Josh Barnett And Zuffa Are Better Off Without One Another In The Long Run
by Scott "Kubryk" Sawitz on February 11, 2013

“Nothing is perfect. Life is messy. Relationships are complex. Outcomes are uncertain. People are irrational.” Hugh Mackay

Some relationships aren’t meant to be. Josh Barnett and the UFC felt like it should’ve happened. He’s been consistently rated among the Top Five heavyweights in the world for over a decade. He fought the best in the world in Pride and with the dissolving of Strikeforce it felt like Barnett should’ve been one of the guys to finally return to the UFC. He is a former heavyweight champion, after all, and the UFC is about making the fights that matter among the elite of the division. He couldn’t be the guy that doesn’t wind up in the Octagon for his final fights, right?

Wrong, as it turns out.

As reported here and all across the web Barnett and the UFC couldn’t quite get a deal going. Why? His manager’s reasons made the final call to be more than just money, which they agreed to.

“However, there are some outlying issues — one in particular — that as of this point we were unable to agree on,” he told MMA Fighting. They would never clarify the issue, of course, but it boiled down to one of two things in most speculation. Either the UFC wanted him to undergo random drug testing due to his multiple failed steroid tests or they wanted him to fight, exclusively, and give up his days of being one of the top gaijin on the Japanese pro wrestling circuit.

The latter seems more likely, given the UFC’s wants to pass off drug testing policy and punishment to governmental athletic commissions outside of an inaugural drug test to sign with the company. Barnett makes a considerable living overseas on the Japanese scene, which values his more athletic style instead of American audiences which are much more aesthetically oriented, and giving it up for a full time MMA career would be a substantial monetary sacrifice. And while his final MMA contract will probably come far away from a major audience, as he’s more likely to continue to ply his trade for someone like One FC in Asia instead of Bellator because of his substantial name recognition in Asia, it’s almost appropriate that it’s not in the Ultimate Fighting Championship. Why?

Because all the negatives he brings will eventually outweigh the positive, which is that he’s a first rate fighter.

The one thing every fan always worries about with Barnett in the U.S is when he’s given a cup to pee in. Barnett, he of three failed drug tests, has been an unrepentant steroid user and in an era where steroid use is a much bigger thing than it used to be. Eventually as the UFC expands further, and the issues of PEDs in MMA is given a much bigger spotlight, having a three time drug testing failure who never apologized or admitted he used them will look remarkably bad for the UFC.

Anyone who complains about PEDs in MMA will be unable to justify Barnett’s continued employment in the UFC, either. If Chael Sonnen, Vitor Belfort and others can be labeled by some as “drug cheats” for using Testosterone Replacement Therapy than Barnett is significantly worse because he’s the reigning king of failed drug tests in modern MMA. Barnett is the poster child for using PEDs, tanking one promotion already with a failed drug test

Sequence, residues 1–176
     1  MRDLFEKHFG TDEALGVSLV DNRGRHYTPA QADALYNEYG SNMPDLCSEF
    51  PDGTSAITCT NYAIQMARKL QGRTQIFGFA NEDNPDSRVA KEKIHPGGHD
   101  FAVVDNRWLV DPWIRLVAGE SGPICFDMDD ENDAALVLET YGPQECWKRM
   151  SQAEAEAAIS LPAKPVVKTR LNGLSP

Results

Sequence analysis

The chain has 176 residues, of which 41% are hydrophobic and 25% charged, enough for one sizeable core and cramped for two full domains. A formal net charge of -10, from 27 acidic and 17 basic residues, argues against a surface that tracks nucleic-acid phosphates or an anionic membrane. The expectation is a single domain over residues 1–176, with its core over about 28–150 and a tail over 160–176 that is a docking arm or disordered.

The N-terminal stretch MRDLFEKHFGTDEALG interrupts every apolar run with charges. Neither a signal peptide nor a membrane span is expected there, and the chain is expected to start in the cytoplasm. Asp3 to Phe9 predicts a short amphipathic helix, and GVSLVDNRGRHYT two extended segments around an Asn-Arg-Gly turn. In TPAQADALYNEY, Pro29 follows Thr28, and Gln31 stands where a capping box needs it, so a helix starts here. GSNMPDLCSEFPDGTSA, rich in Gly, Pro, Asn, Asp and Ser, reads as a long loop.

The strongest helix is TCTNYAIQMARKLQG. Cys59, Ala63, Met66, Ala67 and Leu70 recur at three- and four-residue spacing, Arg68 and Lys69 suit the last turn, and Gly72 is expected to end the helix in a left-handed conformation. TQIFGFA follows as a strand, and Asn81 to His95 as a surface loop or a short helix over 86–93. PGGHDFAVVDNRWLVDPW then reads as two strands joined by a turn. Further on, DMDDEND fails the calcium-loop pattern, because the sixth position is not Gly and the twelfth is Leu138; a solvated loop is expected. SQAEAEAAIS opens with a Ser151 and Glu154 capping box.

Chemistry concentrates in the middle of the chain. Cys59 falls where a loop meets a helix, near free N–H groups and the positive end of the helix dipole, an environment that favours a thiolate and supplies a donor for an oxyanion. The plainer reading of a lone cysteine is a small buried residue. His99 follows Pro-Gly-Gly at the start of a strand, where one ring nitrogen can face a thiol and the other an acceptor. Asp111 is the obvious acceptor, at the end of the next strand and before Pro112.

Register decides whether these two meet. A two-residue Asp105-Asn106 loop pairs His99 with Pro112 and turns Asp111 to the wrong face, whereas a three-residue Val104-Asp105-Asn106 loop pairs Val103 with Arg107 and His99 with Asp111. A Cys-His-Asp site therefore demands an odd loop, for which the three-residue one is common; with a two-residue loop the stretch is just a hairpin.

. No one wants to be the promotion responsible for his professional MMA career if and when he tests positive a fourth time.

The other major negative will be Barnett’s “pro wrestling” style promotional pieces. Chael Sonnen’s shtick has gotten old and repetitive over two years because he’s been featured so profoundly. Barnett’s will only do the same. His shtick hasn’t been over-valued because he hasn’t fought in the U.S with the sheer regularity Sonnen has. Eventually the mouth-breathing, low-information types will stop eating it up like they will for Sonnen.

And unlike Sonnen he has had an extensive pro wrestling career. People never truly accepted Brock Lesnar because of it and he had a brief stint in that profession by comparison. Barnett has an extensive history in it and the sporting crowd, the one that detests the fake competition, will never really accept Barnett either. He may be an elite real fighter but being a fake one is never good for your credibility. Throw in his antics, which have included staging a pro wrestling match at a pre-fight open workout and grabbing microphones so he can cut promos after victories, and eventually people would tire of it.

Nothing says getting credibility with a sports crowd by having an elite fighter do a pro wrestling match during fight week, right?

By not being in the UFC Josh Barnett gets to remain in the same role he’s been since being cut from the company following his first failed steroid test: as an elite fighter who never has to prove his elite ranking. He can fight people not in his league, collect wins and never have to justify being one of the top fighters in the world. He’ll still be ranked until he loses, of course, but Barnett has carefully picked fights ever since Pride folded. Barnett can discuss how he’s elite, and how he’d beat the top guys in Zuffa, without ever having to do. He can still be a pro wrestler and never have to really worry about another drug test, either. In a way it’s better than being in Zuffa; he gets all the perks of being an elite fighter without ever having to prove it.



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